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Porsche reconfirms Cayenne diesel

Still here: Reports of the death of diesel have been greatly exaggerated, says Porsche.

Diesel death refuted by Porsche which reconfirms Cayenne oil burner

22 Feb 2018

DESPITE British reports that diesel is dead at Porsche, the German company has reconfirmed that it intends to launch an oil-burning version of its new Cayenne large SUV.

The big wagon – which is set to be launched in Australia with a trio of petrol engines about mid-year – will likely be the last Porsche model to offer diesel power after the recent axing of Macan and Panamera diesel variants.

In a statement clarifying its position in the face of overwhelming speculation that diesel was finished within the brand, Porsche reiterated that buyer interest in diesel engines was waning as consumer interest increased significantly in petrol and hybrid vehicles.

“For example, the ratio for hybrid versions of the new Panamera in Europe is around 60 per cent,” Porsche said in its statement. “In light of these facts, Porsche has adapted its production planning.

“This decision means that Porsche currently does not offer any vehicles with diesel engines. However, it does not mean a diesel exit at Porsche.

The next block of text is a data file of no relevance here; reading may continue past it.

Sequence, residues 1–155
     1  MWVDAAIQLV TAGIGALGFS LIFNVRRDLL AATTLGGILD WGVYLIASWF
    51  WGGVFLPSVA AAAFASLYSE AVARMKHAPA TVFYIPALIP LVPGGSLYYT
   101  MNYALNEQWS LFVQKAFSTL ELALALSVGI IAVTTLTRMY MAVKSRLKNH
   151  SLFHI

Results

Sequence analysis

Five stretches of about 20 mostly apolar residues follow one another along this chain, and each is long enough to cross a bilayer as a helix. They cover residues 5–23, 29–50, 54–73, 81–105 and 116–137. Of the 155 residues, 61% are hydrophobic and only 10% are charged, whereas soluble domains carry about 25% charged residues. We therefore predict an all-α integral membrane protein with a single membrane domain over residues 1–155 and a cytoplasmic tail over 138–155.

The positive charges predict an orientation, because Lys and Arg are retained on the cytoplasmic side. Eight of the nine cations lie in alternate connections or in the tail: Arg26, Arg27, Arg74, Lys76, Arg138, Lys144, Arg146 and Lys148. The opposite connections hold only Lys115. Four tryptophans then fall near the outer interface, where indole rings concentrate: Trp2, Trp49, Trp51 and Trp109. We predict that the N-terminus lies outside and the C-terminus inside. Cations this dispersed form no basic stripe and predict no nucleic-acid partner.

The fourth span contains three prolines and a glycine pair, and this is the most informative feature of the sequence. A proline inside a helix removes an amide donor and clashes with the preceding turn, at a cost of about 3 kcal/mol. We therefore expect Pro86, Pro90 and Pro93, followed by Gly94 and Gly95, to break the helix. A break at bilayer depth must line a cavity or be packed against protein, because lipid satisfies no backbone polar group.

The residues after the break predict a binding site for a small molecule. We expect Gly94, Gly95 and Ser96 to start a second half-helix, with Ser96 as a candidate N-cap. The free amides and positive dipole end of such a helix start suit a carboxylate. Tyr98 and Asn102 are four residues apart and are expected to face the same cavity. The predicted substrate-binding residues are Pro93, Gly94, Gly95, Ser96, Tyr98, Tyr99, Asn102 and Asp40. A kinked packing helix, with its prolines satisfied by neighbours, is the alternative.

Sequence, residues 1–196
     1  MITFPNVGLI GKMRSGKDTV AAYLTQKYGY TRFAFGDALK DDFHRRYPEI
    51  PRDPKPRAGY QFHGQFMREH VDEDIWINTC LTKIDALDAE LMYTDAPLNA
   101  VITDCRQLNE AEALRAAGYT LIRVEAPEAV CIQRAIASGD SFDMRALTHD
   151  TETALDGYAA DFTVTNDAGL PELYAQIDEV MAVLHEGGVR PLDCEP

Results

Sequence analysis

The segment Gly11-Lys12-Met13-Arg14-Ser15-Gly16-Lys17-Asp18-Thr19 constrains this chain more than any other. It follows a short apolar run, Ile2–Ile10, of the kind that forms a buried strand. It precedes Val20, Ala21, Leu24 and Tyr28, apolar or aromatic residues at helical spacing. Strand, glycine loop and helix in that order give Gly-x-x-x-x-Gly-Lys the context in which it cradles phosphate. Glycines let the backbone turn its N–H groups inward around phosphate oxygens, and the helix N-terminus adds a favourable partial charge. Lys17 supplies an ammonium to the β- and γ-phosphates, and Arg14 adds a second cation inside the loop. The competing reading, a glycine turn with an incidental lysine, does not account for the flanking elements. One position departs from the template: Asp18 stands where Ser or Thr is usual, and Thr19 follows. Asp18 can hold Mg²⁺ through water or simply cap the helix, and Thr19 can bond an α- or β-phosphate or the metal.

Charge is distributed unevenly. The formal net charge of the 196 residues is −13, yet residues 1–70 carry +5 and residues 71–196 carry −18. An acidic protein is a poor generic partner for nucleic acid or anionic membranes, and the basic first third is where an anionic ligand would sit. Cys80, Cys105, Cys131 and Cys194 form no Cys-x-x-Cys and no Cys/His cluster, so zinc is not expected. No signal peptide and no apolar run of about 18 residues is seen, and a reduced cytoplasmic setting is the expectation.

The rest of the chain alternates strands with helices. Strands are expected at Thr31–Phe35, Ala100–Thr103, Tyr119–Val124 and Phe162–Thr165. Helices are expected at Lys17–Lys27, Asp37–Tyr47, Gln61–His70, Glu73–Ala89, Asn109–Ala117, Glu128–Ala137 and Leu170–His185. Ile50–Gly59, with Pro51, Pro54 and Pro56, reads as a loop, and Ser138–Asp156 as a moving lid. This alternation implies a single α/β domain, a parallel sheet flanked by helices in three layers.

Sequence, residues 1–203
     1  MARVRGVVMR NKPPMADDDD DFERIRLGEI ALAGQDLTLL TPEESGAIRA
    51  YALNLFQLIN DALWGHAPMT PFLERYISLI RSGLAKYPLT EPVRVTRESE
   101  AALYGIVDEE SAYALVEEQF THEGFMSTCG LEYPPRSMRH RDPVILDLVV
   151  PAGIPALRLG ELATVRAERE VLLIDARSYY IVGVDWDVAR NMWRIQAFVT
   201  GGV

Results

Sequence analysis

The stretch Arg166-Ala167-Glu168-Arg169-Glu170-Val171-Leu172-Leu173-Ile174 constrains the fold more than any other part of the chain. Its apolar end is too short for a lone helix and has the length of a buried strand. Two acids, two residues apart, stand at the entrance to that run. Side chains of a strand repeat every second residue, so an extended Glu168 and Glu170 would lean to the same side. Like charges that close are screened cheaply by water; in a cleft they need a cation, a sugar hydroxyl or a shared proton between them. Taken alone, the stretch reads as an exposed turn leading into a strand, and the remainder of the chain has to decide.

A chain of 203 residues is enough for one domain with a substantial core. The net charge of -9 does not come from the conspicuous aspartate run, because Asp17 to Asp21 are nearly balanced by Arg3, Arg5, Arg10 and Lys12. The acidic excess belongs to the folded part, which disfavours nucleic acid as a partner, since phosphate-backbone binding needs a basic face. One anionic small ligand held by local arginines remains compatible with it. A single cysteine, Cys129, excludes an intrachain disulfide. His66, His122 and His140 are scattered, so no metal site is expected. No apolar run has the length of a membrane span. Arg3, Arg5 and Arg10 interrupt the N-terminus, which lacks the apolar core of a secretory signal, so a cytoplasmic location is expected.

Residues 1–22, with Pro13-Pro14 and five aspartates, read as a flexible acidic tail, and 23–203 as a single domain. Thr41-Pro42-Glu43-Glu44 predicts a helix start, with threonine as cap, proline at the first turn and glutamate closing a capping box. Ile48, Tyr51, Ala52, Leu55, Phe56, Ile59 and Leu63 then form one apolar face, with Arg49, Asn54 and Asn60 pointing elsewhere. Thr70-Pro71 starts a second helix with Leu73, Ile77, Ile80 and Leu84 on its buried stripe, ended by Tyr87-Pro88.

“As announced, the new Cayenne is set to feature a diesel powertrain. The exact time of the market launch is not yet clear.”

Most pundits had expected Porsche to grab the Audi-developed 320kW/900Nm 4.0-litre turbo diesel V8 that powers the flagship of the Q7 line, the SQ7, as well as the diesel version of Bentley’s Bentayga.

However, Porsche has held back, and has not explained what it has in mind for Cayenne’s diesel, but we could speculate that Volkswagen’s next-generation Touareg – due to be launched at the Beijing motor show next month – might hold the key.

The new Cayenne is built on the same MLB modular platform as the Touareg and Audi’s Q7 and Q8, among others within the VW family, and so it makes sense to share powertrains.

After the pain of Dieselgate that cost Volkswagen plenty and triggered a family fight between Porsche and Audi, the Touareg is likely to debut at least one new squeaky clean, thoroughly tested diesel engine that Porsche might be happy to take.

Alternatively, Porsche might be waiting for Audi’s V8 diesel engine to pass the full scrutiny of Germany’s Federal Motor Transport Authority (KBA).

Porsche has confirmed it has been in discussions with the KBA about diesel issues.

A petrol-electric plug-in hybrid powertrain lifted from the 500kW Panamera Turbo S E-Hybrid is also expected to be offered in Cayenne at some point, joining the three petrol launch engines – an entry level 3.0-litre turbo V6, hotter twin-turbo 2.9-litre V6 and flagship 4.0-litre twin-turbo V8.

The petrol V8 is an all-Porsche development, sticking out 404kW of power and 770Nm of torque in Cayenne Turbo guise.

From next year, Porsche is set to jump head first into electric vehicles, launching an all-electric production version of its Mission E concept that, in show form, boasted 440kW of power, a driving range of 500km and a zero-to-100km/h sprint time of 3.5 seconds.

The new Porsche EV is expected to be a global vehicle, with right-hand-drive variants destined for Australia.

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